NASA's Mars Exploration Rover Opportunity has reached its science team's first destination for the rover inside Victoria Crater, information received from Mars late Tuesday confirms.

Opportunity rover halfway point reached

Sep 09, 2010

(PhysOrg.com) -- When NASA's Mars Exploration Rover Opportunity left Victoria Crater two years ago this month, the rover science team chose Endeavour Crater as the rover's next long-term destination. With ...

Color view from orbit shows mars rover beside crater

Mar 10, 2011

(PhysOrg.com) -- NASA's Mars Exploration Rover Opportunity has nearly completed its three-month examination of a crater informally named "Santa Maria," but before the rover resumes its overland trek, an orbiting ...

Recommended for you

Student to live in simulated space habitat

1 hour ago

A Purdue University industrial engineering doctoral student is among six "crew members" spending the next eight months in a domed habitat on a volcanic landscape mimicking life on a Martian outpost.

The wake-up call that sent hearts racing

4 hours ago

"But as the minutes ticked by, the relaxed attitude of many of us began to dissolve into apprehension. Our levels of adrenaline and worry began to rise."

US-India to collaborate on Mars exploration

13 hours ago

The United States and India, fresh from sending their own respective spacecraft into Mars' orbit earlier this month, on Tuesday agreed to cooperate on future exploration of the Red Planet.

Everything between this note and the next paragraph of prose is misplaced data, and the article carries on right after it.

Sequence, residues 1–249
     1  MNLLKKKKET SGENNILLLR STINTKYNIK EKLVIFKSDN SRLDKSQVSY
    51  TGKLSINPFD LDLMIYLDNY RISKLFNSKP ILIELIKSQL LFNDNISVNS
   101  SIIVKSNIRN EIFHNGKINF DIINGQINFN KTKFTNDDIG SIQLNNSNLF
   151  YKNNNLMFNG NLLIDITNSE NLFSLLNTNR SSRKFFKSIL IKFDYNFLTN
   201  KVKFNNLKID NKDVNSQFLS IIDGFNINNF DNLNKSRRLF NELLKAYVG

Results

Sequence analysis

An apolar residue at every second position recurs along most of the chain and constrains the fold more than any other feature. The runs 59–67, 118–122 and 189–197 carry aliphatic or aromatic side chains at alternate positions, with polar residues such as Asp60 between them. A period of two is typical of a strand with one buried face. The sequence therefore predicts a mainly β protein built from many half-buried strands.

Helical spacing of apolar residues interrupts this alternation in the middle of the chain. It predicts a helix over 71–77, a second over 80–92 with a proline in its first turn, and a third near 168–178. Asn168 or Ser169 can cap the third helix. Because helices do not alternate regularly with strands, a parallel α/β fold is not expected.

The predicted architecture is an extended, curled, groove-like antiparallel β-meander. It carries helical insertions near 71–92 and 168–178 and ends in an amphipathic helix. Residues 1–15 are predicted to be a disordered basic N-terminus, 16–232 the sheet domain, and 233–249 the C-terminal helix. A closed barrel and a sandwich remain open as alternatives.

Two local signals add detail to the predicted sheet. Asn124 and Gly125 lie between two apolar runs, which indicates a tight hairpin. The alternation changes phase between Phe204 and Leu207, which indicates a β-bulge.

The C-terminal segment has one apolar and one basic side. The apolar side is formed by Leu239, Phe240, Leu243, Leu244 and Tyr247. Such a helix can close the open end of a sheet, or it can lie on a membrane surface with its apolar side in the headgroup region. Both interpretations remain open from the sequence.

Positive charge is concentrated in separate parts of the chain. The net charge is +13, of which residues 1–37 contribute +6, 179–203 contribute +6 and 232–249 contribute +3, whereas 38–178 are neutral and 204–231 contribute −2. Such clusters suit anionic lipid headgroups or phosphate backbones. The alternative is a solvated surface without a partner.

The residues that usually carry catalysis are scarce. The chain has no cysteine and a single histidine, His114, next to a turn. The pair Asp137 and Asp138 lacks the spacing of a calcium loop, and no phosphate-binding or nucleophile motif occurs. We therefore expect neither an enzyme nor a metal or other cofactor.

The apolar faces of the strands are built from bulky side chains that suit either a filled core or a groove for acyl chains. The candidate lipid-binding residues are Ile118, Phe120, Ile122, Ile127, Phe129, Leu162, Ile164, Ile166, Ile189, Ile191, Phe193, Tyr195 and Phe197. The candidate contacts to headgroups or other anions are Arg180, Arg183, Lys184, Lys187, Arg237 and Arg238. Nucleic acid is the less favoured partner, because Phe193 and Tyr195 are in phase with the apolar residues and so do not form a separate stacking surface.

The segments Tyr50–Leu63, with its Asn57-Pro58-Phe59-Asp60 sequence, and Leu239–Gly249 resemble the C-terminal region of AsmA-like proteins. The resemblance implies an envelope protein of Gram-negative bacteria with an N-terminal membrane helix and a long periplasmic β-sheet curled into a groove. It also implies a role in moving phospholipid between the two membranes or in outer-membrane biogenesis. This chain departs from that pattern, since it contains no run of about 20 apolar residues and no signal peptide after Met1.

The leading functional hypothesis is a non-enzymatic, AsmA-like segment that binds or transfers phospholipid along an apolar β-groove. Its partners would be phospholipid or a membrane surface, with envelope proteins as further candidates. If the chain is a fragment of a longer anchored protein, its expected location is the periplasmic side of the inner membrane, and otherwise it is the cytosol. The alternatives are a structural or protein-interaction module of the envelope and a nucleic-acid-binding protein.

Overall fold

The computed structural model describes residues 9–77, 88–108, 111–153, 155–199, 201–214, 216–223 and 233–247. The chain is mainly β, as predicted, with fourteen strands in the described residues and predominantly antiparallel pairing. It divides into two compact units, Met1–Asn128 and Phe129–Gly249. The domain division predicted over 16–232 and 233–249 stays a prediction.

Swift mission observes mega flares from a mini star

14 hours ago

On April 23, NASA's Swift satellite detected the strongest, hottest, and longest-lasting sequence of stellar flares ever seen from a nearby red dwarf star. The initial blast from this record-setting series ...

Sandblasting winds shift Mars' landscape

18 hours ago

High winds are a near-daily force on the surface of Mars, carving out a landscape of shifting dunes and posing a challenge to exploration, scientists said Tuesday.

PanSTARRS K1, the comet that keeps going

21 hours ago

Thank you K1 PanSTARRS for hanging in there! Some comets crumble and fade away. Others linger a few months and move on. But after looping across the night sky for more than a year, this one is nowhere near ...

User comments : 0